EDMOND NEVAQUAYA COMING TO LA VETA

Artist
by Edmond Nevaquaya

Huajatolla Heritage Foundation proudly presents Edmond Nevaquaya, Comanche, from Apache Oklahoma at the Art Of Storytelling on Saturday, September 14 10-5PM at La Veta Mercantile.  He will be one of the 4 artists displaying and selling their Native American themed art.  Edmond will also be performing on stage during the day.  At 7PM he will headline a flute concert.  All events are free.

Edmond has been recognized around the world as an ambassador of the Native American culture as well as throughout the United States. 

Edmond learned early to practice, respect and recognize the importance of traditional Indian ceremonies and culture.  He is very knowledgeable of his Comanche traditions and culture, as well as the beliefs, practices and cultures of the Southern Plains and the Midwestern Anishinaabe tribes of North America.  Edmond has a kind and caring way when sharing his knowledge with people of all colors.  Edmond presently shares his talents worldwide and locally as a prevention and life ways consultant using his talent and knowledge of the Native American culture he was born. 

Carla Romero – Bio

Artist

Carla Romero, a self-taught artist has been drawing since she was a young child and painting for over 25 years.  We are so proud that she now makes her home in Huerfano County.

Born in Colorado, Romero feels a strong connection to mountains, nature and wildlife; but also a bond with the Native Americans and the southwest. In 1987 she visited the Taos Pueblo for the first time, which was an awakening of her art and vision and launched her pursuit of a professional career. She got her start in a Taos gallery while still working for a large retail chain. Within a year she was able to quit her retail job and paint full time. Since then, Romero has achieved much acclaim as a painter of the southwest.

by Carla Romero

She paints mainly in watercolor, but also works with acrylics on canvas. Romero’s extraordinary and bold usage of color is clearly only one of the defining elements that one might use in describing the feeling and emotion that her work evokes. Her paintings are exhibited in fine art galleries throughout Colorado, New Mexico, Arizona and California.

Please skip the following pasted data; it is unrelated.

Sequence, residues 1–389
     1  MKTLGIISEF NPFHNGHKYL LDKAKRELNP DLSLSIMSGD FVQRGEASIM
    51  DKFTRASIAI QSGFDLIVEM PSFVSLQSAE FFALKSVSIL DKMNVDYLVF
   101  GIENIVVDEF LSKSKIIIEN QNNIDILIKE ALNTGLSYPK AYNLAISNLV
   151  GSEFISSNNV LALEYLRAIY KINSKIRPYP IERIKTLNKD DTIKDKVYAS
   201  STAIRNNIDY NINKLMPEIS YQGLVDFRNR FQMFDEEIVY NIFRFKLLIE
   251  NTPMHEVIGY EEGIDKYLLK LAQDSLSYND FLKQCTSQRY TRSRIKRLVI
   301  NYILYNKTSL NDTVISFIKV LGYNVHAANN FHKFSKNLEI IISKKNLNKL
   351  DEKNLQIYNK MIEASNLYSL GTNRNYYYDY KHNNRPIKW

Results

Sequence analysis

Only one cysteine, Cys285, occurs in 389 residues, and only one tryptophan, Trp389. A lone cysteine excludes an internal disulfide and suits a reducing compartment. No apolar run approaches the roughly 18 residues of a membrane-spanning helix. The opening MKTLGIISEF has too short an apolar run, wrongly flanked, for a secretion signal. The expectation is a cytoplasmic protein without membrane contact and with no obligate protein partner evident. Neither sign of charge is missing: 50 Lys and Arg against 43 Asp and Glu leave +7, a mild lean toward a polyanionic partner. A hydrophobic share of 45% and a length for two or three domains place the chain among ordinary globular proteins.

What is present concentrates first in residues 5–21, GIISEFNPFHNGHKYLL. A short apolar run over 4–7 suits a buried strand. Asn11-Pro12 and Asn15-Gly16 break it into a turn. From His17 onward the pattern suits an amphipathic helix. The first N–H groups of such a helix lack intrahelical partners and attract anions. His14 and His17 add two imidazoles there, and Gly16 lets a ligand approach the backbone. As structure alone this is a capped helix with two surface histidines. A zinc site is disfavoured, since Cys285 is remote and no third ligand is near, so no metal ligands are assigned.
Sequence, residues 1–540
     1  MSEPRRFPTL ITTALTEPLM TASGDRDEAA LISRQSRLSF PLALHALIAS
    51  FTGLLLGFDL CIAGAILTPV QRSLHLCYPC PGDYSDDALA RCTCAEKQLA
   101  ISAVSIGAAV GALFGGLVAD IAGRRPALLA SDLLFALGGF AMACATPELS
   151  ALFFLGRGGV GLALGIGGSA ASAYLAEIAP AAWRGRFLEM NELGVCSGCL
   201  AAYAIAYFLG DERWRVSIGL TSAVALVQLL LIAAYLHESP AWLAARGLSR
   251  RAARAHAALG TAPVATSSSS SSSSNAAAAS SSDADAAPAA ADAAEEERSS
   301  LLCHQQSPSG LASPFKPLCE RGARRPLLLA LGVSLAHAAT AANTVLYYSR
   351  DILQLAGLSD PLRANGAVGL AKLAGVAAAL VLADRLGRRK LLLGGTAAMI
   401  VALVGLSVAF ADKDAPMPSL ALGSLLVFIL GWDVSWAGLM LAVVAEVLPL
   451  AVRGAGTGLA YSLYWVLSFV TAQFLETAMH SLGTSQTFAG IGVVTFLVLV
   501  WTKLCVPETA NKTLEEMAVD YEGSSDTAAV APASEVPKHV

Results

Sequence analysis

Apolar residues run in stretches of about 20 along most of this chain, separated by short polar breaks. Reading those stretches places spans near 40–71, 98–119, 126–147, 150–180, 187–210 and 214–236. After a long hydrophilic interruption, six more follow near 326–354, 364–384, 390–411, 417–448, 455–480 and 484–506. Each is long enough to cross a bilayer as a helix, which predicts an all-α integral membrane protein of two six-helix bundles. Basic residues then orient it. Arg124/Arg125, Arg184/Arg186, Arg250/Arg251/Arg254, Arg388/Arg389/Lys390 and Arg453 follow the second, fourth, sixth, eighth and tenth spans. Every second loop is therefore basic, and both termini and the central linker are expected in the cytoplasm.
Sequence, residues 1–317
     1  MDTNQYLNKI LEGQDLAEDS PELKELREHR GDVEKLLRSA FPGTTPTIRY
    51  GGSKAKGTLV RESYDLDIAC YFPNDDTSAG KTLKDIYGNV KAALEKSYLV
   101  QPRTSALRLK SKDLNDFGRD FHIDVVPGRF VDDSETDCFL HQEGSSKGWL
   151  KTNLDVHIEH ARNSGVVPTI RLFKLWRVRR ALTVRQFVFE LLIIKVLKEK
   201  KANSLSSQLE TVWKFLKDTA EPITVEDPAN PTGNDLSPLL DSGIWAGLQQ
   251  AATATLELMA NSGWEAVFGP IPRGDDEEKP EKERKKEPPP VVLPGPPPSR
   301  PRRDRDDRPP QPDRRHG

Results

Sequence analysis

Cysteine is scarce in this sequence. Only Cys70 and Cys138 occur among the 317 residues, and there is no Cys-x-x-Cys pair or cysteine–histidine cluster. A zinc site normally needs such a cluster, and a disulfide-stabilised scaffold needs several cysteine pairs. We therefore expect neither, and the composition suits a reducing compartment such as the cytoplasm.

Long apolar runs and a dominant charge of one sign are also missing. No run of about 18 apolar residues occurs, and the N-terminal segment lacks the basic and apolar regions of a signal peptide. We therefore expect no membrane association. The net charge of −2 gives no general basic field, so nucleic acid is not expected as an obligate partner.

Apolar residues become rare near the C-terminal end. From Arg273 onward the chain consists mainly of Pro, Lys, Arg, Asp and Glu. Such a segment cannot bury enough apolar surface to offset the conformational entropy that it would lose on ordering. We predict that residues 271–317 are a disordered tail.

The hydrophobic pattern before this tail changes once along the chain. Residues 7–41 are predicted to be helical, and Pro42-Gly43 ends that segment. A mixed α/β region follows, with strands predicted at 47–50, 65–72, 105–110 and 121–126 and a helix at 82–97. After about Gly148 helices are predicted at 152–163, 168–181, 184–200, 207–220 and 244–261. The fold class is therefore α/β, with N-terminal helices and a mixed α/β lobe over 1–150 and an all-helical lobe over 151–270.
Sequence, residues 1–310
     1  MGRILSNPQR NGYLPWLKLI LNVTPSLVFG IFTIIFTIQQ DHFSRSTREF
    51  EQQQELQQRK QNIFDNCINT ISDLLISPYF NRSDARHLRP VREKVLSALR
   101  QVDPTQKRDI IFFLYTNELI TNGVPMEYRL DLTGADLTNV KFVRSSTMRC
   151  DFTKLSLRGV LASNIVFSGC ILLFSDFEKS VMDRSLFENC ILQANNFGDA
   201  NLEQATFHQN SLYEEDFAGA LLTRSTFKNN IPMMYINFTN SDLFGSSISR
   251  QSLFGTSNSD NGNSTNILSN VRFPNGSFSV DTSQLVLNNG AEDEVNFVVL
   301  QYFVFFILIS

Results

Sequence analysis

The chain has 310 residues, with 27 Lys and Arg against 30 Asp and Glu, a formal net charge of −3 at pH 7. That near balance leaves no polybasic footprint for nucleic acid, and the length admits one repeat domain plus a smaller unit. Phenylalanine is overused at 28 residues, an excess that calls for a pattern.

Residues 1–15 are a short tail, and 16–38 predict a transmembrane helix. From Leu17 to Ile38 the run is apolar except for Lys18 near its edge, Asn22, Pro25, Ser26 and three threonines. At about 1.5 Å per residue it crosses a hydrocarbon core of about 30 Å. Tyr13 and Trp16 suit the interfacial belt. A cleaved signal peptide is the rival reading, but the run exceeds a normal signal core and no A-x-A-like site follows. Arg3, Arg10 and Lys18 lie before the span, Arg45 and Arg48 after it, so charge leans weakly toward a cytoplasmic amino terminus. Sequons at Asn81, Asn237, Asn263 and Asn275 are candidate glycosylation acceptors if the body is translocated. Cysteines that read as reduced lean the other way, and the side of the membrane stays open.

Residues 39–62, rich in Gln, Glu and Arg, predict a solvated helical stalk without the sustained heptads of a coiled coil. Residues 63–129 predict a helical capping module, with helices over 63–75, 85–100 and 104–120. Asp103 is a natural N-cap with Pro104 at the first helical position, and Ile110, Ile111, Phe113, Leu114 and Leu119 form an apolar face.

She was selected as the featured artist for Legacy Art Albuquerque in 2006, succeeding Amado Pena, Dave McGary, JD Challenger and Tom Wheeler. Her paintings and limited edition prints are highly collectable and are part of commercial and private collections throughout the United States and abroad.

An important facet of Romero’s work is her strong belief that her ideas and creativity are gifts from God. She starts each painting with a prayer and ends with an expression of thanks, therefore there is a deep spiritual awareness that one discovers in her work.

Arthur Short Bull – Bio

Artist

Arthur Short Bull is a brilliant watercolorist whose vision strives to capture the spirit of his Oglala heritage. What I hope to achieve through my work is to help others see and experience the spirit that exists in all things, states Short Bull.

White Buffalo Calf Woman

Being raised in a traditional family on the Pine Ridge reservation gives Short Bull special insight into the history, culture and spirituality of the Lakotas. Arthur’s great-grandfather was Grant Short Bull, uncle to famed artist and historian, Amos Bad Heart Bull and younger brother of He Dog. In 1930, the last of the old men who rode with Crazy Horse, He Dog and Grant Short Bull were two of Mari Sandozs sources for her book, Crazy Horse … Strange Man of the Oglalas.